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Does “disinformation” on the Internet actually do anything — even to persuade? When the freak-out over Russia-generated Facebook and Twitter memes began in late 2016, I repeatedly asked one basic question: where is the evidence that these campaigns changed even one single vote?
The answer: No such evidence exists. The memes of Hillary Clinton fighting Jesus turned out not to be game-changers after all, a new study reported by the Washington Post concludes. Voters made up their own minds independent of such trollery, as anyone with two functioning brain cells should have realized before and since:
Russian influence operations on Twitter in the 2016 presidential election reached relatively few users, most of whom were highly partisan Republicans, and the Russian accounts had no measurable impact in changing minds or influencing voter behavior, according to a study out this morning.
The study, which the New York University Center for Social Media and Politics helmed, explores the limits of what Russian disinformation and misinformation was able to achieve on one major social media platform in the 2016 elections.
“My personal sense coming out of this is that this got way overhyped,” Josh Tucker, one of the report’s authors who is also the co-director of the New York University center, told me about the meaningfulness of the Russian tweets.
“Now we’re looking back at data and we can see how concentrated this was in one small portion of the population, and how the fact that people who were being exposed to these were really, really likely to vote for Trump,” Tucker said. “And then we have this data to show we can’t find any relationship between being exposed to these tweets and people’s change in attitudes.”
Ah, the old correlation-is-causation fallacy! We see that happen plenty of times, only perhaps only recently has it become so pronounced and on so wide a basis. The assumption behind the “disinformation” panic is that a meme has a butterfly effect of sorts; an image of Hillary armwrestling Jesus will somehow set off a network effect that causes her to lose Wisconsin. Never mind that one can point to the fact that Clinton never bothered to personally campaign in Wisconsin can better and more directly explain the loss, or that her overall national narrative of gender entitlement likely turned off a large number of persuadable voters. Or as Hillary called them, deplorable voters.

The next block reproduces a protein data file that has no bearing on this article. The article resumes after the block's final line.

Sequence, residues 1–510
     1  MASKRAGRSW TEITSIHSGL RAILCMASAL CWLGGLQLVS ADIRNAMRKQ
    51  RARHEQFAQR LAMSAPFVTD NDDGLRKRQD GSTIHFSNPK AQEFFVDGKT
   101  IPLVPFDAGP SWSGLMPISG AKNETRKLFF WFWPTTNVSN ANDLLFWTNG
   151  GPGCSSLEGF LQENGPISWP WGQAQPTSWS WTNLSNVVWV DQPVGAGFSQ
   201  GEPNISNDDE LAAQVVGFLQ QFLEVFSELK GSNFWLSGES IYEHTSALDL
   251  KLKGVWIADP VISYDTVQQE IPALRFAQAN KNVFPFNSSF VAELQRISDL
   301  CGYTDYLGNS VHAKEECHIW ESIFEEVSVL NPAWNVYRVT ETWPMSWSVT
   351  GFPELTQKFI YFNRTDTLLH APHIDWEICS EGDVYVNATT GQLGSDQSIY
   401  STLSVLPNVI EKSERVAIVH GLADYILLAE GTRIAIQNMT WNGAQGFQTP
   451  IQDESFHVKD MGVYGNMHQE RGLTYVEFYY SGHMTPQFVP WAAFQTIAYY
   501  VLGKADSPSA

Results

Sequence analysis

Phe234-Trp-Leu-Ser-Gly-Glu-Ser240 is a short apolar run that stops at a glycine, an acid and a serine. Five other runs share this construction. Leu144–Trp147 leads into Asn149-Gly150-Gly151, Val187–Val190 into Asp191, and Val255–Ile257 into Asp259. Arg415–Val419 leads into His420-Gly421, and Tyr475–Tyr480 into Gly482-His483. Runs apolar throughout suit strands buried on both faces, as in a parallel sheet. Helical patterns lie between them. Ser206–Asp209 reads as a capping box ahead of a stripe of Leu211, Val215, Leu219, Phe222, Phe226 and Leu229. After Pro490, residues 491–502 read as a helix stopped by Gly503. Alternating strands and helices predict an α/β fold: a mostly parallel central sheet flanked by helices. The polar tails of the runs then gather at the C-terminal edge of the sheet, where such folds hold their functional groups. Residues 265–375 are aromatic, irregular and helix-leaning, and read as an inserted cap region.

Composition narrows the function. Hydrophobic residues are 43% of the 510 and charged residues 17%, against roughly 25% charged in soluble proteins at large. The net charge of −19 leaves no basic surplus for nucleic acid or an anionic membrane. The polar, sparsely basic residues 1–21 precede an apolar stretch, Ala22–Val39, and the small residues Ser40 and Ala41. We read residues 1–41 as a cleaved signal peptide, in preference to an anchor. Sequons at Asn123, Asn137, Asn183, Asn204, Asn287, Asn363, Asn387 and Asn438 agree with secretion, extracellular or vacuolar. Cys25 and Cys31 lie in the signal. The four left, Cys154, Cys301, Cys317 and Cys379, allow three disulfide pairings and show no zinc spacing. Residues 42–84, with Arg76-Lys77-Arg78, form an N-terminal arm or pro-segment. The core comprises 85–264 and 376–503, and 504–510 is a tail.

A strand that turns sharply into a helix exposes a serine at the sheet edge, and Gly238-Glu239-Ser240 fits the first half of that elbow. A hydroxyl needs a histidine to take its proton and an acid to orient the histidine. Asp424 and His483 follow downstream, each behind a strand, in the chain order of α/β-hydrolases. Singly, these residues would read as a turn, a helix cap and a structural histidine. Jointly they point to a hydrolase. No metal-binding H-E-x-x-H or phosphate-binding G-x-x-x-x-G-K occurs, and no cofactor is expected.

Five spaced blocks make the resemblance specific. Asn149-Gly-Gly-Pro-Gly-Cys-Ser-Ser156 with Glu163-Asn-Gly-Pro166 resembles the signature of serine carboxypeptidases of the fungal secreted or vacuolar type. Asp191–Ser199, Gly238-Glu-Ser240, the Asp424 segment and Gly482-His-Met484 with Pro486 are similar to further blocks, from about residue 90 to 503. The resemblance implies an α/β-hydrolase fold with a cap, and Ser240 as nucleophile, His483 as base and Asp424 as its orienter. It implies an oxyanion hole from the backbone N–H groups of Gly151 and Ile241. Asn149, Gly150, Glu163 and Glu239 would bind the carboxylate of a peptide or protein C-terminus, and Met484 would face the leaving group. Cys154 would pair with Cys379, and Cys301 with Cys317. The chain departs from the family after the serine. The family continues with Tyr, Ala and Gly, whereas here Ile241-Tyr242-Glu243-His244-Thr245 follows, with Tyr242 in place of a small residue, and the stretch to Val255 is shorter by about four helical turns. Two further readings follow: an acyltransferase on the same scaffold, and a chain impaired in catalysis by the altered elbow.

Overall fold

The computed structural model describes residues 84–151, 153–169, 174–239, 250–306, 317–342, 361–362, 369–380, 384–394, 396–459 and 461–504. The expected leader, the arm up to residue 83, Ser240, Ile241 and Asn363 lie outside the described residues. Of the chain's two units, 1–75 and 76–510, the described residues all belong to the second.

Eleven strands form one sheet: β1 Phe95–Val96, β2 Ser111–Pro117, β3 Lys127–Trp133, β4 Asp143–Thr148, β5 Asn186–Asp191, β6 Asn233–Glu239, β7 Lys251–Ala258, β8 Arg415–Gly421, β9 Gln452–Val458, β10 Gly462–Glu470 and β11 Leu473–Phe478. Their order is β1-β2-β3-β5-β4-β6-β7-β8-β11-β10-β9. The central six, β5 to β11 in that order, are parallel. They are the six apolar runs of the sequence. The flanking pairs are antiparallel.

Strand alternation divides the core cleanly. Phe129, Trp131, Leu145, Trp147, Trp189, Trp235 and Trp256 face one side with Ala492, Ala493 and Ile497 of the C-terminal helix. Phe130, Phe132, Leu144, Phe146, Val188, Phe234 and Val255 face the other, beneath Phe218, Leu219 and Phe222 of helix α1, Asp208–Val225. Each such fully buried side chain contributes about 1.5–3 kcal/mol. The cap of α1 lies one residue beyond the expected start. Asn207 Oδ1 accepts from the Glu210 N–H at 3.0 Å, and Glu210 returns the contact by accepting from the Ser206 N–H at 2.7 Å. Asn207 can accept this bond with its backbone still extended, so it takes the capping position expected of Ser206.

So why didn’t anyone attempt to answer the question about causation from the beginning? Actually, one prominent figure did at least raise the question — Mark Zuckerberg. The Facebook founder scoffed in 2017 that a handful of trolls and a few hundreds of thousands of dollars in stupid memes had more impact on an election than the candidates and campaigns that spent $2 billion combined on wall-to-wall advertising and massive direct contacts. At the time, Zuckerberg challenged the media and Congress to produce some evidence of causation.
It didn’t take long for Zuckerberg to change his tune. But why? Two years ago to the day, author Joseph Bernstein explained that Zuckerberg realized the financial incentives in joining the “Big Disinfo” government-media industrial complex. Harpers published an excerpt from Bernstein’s book, Disinformed: How We Get Fake News Wrong, and why media has become so invested in it:
The Commission on Information Disorder is the latest (and most creepily named) addition to a new field of knowledge production that emerged during the Trump years at the juncture of media, academia, and policy research: Big Disinfo. A kind of EPA for content, it seeks to expose the spread of various sorts of “toxicity” on social-media platforms, the downstream effects of this spread, and the platforms’ clumsy, dishonest, and half-hearted attempts to halt it. As an environmental cleanup project, it presumes a harm model of content consumption. Just as, say, smoking causes cancer, consuming bad information must cause changes in belief or behavior that are bad, by some standard. Otherwise, why care what people read and watch?